“Word for Today” – 2 Thessalonians 1 – www.concordialutheranchurch.com

November 30, 2009 at 4:45 am Leave a comment


He was known as the Roseland Killer.  In the summer of 2000, Chicago’s south side was terrorized by a series of seven murders, all of women, most of whom were indigent.  After striking, the killer would leave his victims’ bodies in abandoned buildings around town to be found later by law enforcement officials.

Eventually, the long arm of the law caught up Geoffrey Griffin.  In his 2005 trial, Griffin was sentenced to 100 years in prison for his deranged acts, although he was acquitted of one woman’s murder, Beverly Burns, even though forensics reports showed Burns’ blood splattered on one of Griffin’s shirts.  Burns’ daughter, Jeanna, reacted angrily to Griffin’s acquittal:  “I hate you,” she said to him.  “I hope you burn in hell.”

“I hope you burn in hell.”  Those words have been said at more than one murder trial.  For when someone commits a crime so grizzly and heinous that no temporal punishment can serve as appropriate recompense, those effected by the crime have no other recourse than to hope in divinely wrought wrath.  And so they say, “I hope you burn in hell.”

Of course hell isn’t a real place.   At least, that’s the majority consensus on the smoldering sewer of sulfur.  After all, thorny philosophical foxholes concerning a loving God and his ability, or lack thereof, to consign people to a place of eternal damnation have long since dispensed with such silly notions as hell.  And yet, fascinatingly, people seem to be perfectly willing to resurrect the prospect of an eternal inferno for the worst among us – serial killers, rapists, terrorists, genocidal maniacs, and the like.  For there seems to be something inside of us which cries out for justice – a justice that will right the wrongs of rabid wickedness.  And, in some instances, the only appropriate form of justice seems to be hell.  And so we say, in the face of grave evil, “I hope you burn in hell.”

No matter which way the philosophical winds might blow, theologically and biblically, hell is indeed a real place.  It is a place, in fact, that is addressed quite colorfully by Paul in our reading for today from 2 Thessalonians 1:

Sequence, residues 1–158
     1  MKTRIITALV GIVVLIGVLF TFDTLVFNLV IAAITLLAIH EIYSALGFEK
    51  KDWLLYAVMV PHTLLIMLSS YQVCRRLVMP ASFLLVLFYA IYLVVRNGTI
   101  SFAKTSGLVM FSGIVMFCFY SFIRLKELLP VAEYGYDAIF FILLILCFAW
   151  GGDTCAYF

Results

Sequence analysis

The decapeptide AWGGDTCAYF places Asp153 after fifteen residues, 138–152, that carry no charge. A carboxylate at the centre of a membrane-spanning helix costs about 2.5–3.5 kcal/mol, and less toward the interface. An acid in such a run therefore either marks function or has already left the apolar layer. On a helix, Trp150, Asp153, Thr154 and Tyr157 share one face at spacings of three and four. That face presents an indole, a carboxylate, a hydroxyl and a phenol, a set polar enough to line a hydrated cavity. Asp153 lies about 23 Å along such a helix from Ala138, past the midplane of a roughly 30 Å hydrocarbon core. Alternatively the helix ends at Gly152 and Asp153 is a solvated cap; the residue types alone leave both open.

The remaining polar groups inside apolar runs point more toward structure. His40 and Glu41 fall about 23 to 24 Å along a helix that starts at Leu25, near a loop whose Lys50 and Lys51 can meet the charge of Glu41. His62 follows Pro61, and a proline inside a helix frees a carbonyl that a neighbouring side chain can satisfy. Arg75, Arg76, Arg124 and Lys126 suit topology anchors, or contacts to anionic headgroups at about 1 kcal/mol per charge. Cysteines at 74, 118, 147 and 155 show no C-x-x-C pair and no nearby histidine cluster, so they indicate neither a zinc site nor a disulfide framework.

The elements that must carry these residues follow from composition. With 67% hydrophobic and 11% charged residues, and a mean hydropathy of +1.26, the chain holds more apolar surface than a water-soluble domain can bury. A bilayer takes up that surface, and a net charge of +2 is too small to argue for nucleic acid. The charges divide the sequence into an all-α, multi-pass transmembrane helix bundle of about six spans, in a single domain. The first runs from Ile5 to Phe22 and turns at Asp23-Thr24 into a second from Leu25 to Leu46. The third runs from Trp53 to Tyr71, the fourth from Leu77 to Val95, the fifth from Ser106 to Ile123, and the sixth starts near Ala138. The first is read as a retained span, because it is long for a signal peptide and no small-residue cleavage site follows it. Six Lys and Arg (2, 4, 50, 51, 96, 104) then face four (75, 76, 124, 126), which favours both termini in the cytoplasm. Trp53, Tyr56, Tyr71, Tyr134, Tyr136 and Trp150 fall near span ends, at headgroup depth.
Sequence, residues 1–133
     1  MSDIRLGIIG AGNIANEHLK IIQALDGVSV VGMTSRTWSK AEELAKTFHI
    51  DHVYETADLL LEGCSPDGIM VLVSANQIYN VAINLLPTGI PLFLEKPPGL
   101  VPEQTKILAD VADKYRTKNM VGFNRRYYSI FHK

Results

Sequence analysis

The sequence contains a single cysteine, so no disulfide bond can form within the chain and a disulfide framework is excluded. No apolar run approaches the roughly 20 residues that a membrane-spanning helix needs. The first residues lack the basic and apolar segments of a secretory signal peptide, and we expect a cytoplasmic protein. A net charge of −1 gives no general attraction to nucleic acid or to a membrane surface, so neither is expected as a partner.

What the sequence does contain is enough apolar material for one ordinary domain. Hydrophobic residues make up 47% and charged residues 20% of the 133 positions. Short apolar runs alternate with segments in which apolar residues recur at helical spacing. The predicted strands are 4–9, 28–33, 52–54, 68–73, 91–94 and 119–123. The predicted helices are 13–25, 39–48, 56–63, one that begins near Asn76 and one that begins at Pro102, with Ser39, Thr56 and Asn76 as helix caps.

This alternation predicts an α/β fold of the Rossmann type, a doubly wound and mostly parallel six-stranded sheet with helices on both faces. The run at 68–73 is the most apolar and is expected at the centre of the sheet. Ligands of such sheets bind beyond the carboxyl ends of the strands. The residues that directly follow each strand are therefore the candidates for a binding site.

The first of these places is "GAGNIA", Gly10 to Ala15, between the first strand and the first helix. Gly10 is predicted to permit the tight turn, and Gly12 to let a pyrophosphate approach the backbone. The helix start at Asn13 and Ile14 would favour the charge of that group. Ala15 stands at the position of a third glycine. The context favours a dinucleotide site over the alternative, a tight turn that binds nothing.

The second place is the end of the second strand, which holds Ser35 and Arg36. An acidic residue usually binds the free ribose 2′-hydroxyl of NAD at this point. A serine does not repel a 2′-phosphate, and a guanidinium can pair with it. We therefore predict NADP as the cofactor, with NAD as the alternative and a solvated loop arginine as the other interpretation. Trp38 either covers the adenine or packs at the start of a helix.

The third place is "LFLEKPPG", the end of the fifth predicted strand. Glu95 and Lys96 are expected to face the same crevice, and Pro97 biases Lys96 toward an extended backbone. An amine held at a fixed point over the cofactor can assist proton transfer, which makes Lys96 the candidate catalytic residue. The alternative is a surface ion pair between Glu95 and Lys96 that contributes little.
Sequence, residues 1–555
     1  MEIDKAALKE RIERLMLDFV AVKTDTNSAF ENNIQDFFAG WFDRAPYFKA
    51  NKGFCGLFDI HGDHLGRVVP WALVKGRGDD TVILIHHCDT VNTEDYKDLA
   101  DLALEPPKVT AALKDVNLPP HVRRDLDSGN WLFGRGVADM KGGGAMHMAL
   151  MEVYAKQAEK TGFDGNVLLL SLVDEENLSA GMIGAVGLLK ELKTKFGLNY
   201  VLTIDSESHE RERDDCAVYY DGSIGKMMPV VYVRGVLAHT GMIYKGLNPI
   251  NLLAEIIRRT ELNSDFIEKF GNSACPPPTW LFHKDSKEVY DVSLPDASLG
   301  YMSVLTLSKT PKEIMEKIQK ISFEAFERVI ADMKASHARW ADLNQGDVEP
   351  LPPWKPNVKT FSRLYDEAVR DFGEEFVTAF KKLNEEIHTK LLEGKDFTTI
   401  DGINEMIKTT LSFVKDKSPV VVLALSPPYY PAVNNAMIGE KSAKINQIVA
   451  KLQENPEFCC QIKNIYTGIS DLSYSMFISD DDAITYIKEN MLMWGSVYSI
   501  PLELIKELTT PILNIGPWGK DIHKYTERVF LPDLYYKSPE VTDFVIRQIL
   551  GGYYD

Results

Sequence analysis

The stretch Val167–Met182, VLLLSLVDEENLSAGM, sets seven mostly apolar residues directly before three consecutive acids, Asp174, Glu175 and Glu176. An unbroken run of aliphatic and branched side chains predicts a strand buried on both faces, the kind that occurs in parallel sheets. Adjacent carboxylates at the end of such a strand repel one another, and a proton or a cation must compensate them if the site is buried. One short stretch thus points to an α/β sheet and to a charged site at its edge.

God is just: He will pay back trouble to those who trouble you and give relief to you who are troubled, and to us as well. This will happen when the Lord Jesus is revealed from heaven in blazing fire with his powerful angels. He will punish those who do not know God and do not obey the gospel of our Lord Jesus. They will be punished with everlasting destruction and shut out from the presence of the Lord and from the majesty of his power. (verses 6-9)

Paul is painstakingly clear:  In the face of grave human injustice, God will bring his divine justice.  And his divine justice will be rendered through the fires of hell.

So what are we to do?  How are we to respond?  Are we to, like one who has just had his life shattered by a criminal mastermind, anxiously anticipate our enemies’ interminable anguish in God’s pool of pyre?  Are we to announce to our enemies, “I hope you burn in hell”?  Hardly.  For Paul continues, “With this in mind, we constantly pray for you, that our God may count you worthy of his calling” (verse 11).  Paul does not want anyone, whether friend or enemy, to burn in hell.  Instead, he prays earnestly that more and more people may be found worthy of their calling from God through Christ.  Paul’s prayer is for salvation, not damnation.

Hell is the place of God’s justice.  But so is heaven.  The difference is, heaven is God’s justice in light of Christ’s righteousness while hell is God’s justice in light of our own righteousness, or, more accurately, our own lack of righteousness.  Which course of God’s justice would you care to receive?  You will receive one or the other.

I would challenge you to pray constantly, like Paul, for those not guarded by Christ’s righteousness unto salvation.  Pray that they would receive God’s righteousness through Christ.  For it is this righteousness that infinitely exceeds any justice wrought by hell.  For it is this righteousness that can turn sinners into saints and despots into devouts.  And that’s a kind of justice that we can all hope in.  And so, “I hope you beam in heaven.”  I really do.

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Entry filed under: Word for Today.

“Word for Today” – 1 Thessalonians 4 – www.concordialutheranchurch.com “Word for Today” – 2 Thessalonians 2 – www.concordialutheranchurch.com

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